by Z.R. In December, Rutgers coach Mike Rice was publicly reprimanded for his actions, suspended, fined, and he apologized. The power of public opinion would not allow Rice off that easy. That is fair.  Rice will likely never work in sports again, and possibly show his face in public anytime soon. The court of public opinion deemed him guilty of offenses that his superiors did not. Right or wrong, the public, so obsessed and outraged, understood that taking legal action was not only unwarranted, but unnecessary. Plenty of damage can be done without legal punishment. I will be the first to say that if put in the same position as Athletic Director Tim Pernetti, I would have pushed to fire the coach. The behavior was truly over the line. However, situations like this show that we accept flaws in our legal system that we have no tolerance for otherwise. The


Dear 2nd Amendment, Please Shoot Yourself

by Kendal S. Senators Joe Manchin (D-WVA) and Pat Tommey (R-Penn) have come to a compromise that sets up the likelihood of a major Senate debate on gun legislation. First Lady Michelle Obama also made “emotional remarks” to highlight the importance of gun control. Along with recent tragedies of Aurora and Newtown, it is assured that the issue of gun control is not going away anytime soon.  Now, do I believe we need stricter gun control?  I can honestly say that I’m torn on the issue.  Do I own a gun?  No.  Do I plan on ever owning a gun?  No.  Do I believe people should be allowed to own guns?  A conditional yes.  Do I believe the right to own a gun is constitutionally protected?  Maybe… but not by the 2nd Amendment. The most ridiculous case I’ve read in law school is District of Columbia v. Heller.  And it has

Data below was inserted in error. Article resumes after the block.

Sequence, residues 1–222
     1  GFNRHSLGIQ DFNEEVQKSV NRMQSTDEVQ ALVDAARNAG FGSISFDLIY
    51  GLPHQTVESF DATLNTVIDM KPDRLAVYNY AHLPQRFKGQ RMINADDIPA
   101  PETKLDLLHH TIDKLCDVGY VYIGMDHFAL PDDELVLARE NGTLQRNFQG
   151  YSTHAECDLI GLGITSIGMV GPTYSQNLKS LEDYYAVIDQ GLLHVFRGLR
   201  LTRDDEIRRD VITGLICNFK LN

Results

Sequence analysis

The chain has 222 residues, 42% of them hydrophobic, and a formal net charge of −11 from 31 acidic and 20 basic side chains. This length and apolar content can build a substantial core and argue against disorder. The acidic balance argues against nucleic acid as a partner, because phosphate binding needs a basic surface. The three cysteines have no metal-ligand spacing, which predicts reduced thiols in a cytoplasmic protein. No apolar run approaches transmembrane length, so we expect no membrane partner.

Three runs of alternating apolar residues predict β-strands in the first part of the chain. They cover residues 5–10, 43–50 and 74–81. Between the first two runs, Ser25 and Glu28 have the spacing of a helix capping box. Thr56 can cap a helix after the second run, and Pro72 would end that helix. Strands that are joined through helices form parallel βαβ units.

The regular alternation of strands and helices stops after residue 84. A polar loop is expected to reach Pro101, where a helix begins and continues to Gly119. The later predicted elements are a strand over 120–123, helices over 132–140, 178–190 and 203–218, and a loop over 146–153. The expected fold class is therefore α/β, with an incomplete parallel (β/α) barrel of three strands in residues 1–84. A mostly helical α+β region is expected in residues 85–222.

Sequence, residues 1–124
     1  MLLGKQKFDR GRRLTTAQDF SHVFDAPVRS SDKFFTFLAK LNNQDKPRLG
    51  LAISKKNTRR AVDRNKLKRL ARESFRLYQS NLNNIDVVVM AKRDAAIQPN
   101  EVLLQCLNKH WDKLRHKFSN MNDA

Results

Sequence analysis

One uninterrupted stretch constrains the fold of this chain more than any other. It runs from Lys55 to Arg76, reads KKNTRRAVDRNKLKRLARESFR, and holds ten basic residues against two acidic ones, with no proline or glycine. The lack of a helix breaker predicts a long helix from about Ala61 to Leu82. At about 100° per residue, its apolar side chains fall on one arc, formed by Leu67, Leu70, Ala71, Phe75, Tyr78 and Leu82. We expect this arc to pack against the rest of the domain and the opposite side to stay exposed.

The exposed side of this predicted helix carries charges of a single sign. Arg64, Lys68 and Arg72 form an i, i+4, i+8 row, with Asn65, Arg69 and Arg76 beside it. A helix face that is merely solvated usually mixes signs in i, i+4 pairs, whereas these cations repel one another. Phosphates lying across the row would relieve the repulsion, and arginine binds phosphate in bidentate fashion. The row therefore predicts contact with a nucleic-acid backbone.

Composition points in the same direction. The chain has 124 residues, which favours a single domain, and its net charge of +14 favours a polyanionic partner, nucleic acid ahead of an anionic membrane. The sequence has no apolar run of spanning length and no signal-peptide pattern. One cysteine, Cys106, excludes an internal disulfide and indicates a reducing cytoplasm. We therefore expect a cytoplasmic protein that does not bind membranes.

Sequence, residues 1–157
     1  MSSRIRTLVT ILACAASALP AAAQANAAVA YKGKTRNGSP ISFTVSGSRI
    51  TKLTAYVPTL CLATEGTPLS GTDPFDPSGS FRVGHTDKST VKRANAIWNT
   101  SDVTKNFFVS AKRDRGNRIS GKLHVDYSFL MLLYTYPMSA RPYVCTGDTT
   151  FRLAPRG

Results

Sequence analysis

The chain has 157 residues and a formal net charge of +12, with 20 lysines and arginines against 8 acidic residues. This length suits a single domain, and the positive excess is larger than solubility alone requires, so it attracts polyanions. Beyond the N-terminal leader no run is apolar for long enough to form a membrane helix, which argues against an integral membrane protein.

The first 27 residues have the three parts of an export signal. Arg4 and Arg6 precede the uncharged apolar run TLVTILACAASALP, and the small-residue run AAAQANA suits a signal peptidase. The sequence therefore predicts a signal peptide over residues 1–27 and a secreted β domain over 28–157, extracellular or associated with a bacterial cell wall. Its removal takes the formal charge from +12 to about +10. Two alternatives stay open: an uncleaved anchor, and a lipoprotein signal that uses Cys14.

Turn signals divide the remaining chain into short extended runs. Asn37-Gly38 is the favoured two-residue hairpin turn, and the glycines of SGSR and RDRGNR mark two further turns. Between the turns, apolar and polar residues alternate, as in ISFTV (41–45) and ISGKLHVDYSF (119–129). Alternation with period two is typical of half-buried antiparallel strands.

Sumo Wrestlers, “Sexy Indians”, and Mexican Sombreros: How Many Acts of Student Racism in Universities until There is Change?

by Grace L. Several months ago, Duke University’s Kappa Sigma fraternity held an “Asian-themed” party, that had many outraged. Flyers for the event included stereotypical depictions of Asians as sumo wrestlers. An event email was riddled with racist jokes and puns, starting with a “Herro Nice Duke Peopre!!” and ending with a “Chang You.” And this sort of incident at a university is not isolated. For example, another Duke fraternity held a “Sexy Pilgrims and Indians” party in 2011, and Penn State’s Chi Omega sorority threw a “Mexican-themed” party where people wore sombreros and ponchos, and carried signs saying “Green Card,” just last year. These sorts of deliberate acts of stereotyping and marginalizing certain groups not only contribute to the stigma these groups face, they also injure the students in the communities themselves. In response to the incident, Larry Moneta, vice president for student affairs at Duke stated that “We


Reconsidering Native American Cultural Imagery In Sports